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DVLA Fitness to Drive a Vehicle

Motorists should be aware of the Highway Code fitness to drive road rules. They relate to the general readiness needed for safe and legal motoring.

ASSESSING FITNESS: Find out how the UK traffic laws regulate drivers and riders.

The road laws govern vehicle condition and the ability to drive it in a safe manner. They also deals ‘severely‘ with those who drive while under the influence of alcohol or drugs.

Are You Fit to Drive?

Rule 89: The Highway Code regulations address the condition of every road vehicle.

You MUST ensure that your vehicle (and trailer) have full compliance with the Road Vehicles Lighting Regulations. It must also follow all other Road Vehicles (Construction and Use) Regulations.

Rule 90: All drivers should ensure they are fit to drive a vehicle on the highways. You MUST also be aware of any medical health conditions which may affect your driving. You should report it to the Driver and Vehicle Licensing Agency (DVLA) in the United Kingdom.

Avoid Driving When You Feel Tired

Rule 91: Driving while feeling tired ‘significantly’ increases the risk of getting involved in a car accident. Follow this fitness to drive guide to minimize the risk of having a vehicle collision.

  • Be sure you are fit to drive and avoid making a journey if you feel tired.
  • It is best to have a restful sleep before setting off and embarking on a long road journey.
  • Try to avoid undertaking long journeys after midnight and before daybreak. The body’s natural alertness is likely to be low during these times of the day.
  • Make plans for taking regular breaks during a long journey.
  • The recommendation is to take a break of at least 15 minutes after every two hours of driving.
  • Stop your vehicle in a safe place if you feel any sleepiness. But, a motorway hard shoulder is not a place to stop for a rest break.
  • There are several effective methods of countering sleepiness. They include drinking (e.g. caffeinated coffee) and napping (15 minutes or longer).

Vision and Eyewear for Driving

Rule 92: The Highway Code has strict vision regulations for motorists. In good daylight, you MUST be able to ‘accurately’ read a new style vehicle number plate from a distance of 20 meters.

The law allows the same vision test from a distance of 20.5 meters if you are reading the old style number plate.

Motorists MUST use any prescribed eyewear at all times while driving. This rule applies most if you need to wear glasses (or contact lenses) to drive.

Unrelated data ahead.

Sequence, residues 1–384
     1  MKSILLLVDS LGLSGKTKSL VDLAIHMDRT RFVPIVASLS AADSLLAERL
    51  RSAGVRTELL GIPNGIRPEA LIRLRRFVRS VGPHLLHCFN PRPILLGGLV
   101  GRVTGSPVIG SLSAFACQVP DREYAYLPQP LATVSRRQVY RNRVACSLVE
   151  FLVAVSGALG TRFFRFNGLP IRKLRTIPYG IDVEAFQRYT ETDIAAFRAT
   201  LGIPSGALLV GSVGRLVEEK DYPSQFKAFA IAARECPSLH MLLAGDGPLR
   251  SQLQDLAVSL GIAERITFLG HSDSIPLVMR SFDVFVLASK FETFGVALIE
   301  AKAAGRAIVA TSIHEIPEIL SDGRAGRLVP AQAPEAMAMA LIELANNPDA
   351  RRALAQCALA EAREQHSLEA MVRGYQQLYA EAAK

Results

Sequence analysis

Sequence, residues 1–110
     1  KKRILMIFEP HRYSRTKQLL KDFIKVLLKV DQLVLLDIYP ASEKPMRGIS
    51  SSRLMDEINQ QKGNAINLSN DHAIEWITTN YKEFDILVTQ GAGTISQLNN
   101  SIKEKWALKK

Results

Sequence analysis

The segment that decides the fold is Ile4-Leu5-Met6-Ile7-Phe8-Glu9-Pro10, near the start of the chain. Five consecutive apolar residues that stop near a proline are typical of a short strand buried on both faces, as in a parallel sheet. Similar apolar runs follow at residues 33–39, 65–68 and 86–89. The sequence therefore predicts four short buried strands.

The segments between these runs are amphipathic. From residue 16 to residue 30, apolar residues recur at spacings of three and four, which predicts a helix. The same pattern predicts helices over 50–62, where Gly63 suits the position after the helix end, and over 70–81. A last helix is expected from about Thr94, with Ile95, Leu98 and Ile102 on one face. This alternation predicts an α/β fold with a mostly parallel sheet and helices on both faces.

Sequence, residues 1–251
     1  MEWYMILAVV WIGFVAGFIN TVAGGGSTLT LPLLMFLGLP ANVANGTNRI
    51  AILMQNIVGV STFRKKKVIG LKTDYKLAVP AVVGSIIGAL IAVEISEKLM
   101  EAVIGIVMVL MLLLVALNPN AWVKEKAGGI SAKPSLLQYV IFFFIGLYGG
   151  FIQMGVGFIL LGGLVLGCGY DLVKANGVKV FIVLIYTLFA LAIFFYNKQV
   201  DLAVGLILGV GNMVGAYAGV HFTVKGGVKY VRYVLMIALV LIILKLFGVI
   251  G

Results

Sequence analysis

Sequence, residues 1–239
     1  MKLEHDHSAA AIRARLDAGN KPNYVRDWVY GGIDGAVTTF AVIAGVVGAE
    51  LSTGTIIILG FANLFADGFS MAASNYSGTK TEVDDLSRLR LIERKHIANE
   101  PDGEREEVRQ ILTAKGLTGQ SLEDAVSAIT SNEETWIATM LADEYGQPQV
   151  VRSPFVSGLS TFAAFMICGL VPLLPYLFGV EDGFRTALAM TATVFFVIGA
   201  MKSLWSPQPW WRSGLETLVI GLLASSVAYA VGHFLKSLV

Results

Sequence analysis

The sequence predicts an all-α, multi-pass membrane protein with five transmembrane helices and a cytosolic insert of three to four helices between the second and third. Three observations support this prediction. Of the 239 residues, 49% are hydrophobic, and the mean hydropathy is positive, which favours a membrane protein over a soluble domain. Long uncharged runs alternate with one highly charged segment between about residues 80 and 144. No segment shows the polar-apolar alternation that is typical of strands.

Note: If you get stopped by the police while driving they have the power to force a driver or rider to undertake an eyesight test.

Rule 93: As a driver, you should slow down and stop (if necessary) any time your eyesight gets dazzled by bright sunlight.

Rule 94: Do not use tinted glasses, lenses, or visors at night time, or in poor visibility, if they restrict your normal vision.

Highway Code Fitness to Drive: Driving and Alcohol LawsDriving and Alcohol Laws

Rule 95: Do Not Drink and Drive! One of the most vigorously enforced Highway Code rules is regulating drivers who operate vehicles while they are under the influence of alcohol or drugs.

As a rule, drinking and driving seriously affects your safe judgment and motoring abilities.

England and Wales

Motorists in England and Wales MUST NOT drive with a breath alcohol level higher than 35 microgrammes/100 millilitres of breath. Blood alcohol level can be no more than 80 milligrammes/100 millilitres of blood.


The legal limits are lower in Scotland. Motorists MUST NOT drive with a breath alcohol level higher than 22 microgrammes/100 millilitres of breath. Blood alcohol level can be no more than 50 milligrammes/100 millilitres of blood.

Effects of Alcohol to Drivers

Alcohol affects the way you drive. As a rule, if you are planning to drive the best solution is not to drink any alcohol whatsoever. The reason is that any amount of alcohol affects your ability to operate a vehicle in a safe manner.

Organise another means of transport for the journey if you are going to consume alcohol. High blood alcohol levels:

  • May give you a false sense of confidence.
  • Are likely to reduce your co-ordination and slow down your reactions.
  • Usually affect your judgment of speed, distance, and risk factors.
  • Reduce your driving ability (even below the legal limit).
  • Take time to flush out and leave your body.
  • Could mean that you may be unfit to drive in the evening after drinking at lunchtime. The same would apply in the morning after drinking the previous evening.

Driving and Drugs Legislation

Rule 96: Besides alcohol, you also MUST NOT drive while you are under the influence of drugs or medicine. Your doctor or pharmacist can offer you more information about the effects of any medicine you are taking. Do not drive if you get advised that it may impair your driving capabilities.

You MUST NOT drive if you have illegal drugs or certain medicines in your blood above specified limits. It is very dangerous. Never take illegal drugs if you intend to drive. The effects are unpredictable, but it can be even more severe than alcohol and result in fatal or serious road crashes.

Most illegal drugs get specified at very low levels. Thus, even small amounts of drug use could put you above the specified limits. Some medicines get specified at higher levels. They are above the levels generally found in the blood of patients who have taken normal therapeutic doses.

You may have a concentration of a drug above its specified limit in your blood. It could be because you got it prescribed or you got a ‘legitimately’ supplied high dose of medicine. In this case, you might raise a statutory medical defence. But, only if your driving was not impaired by the medicine you are taking.

Highway Code Fitness to Drive Rules in the United Kingdom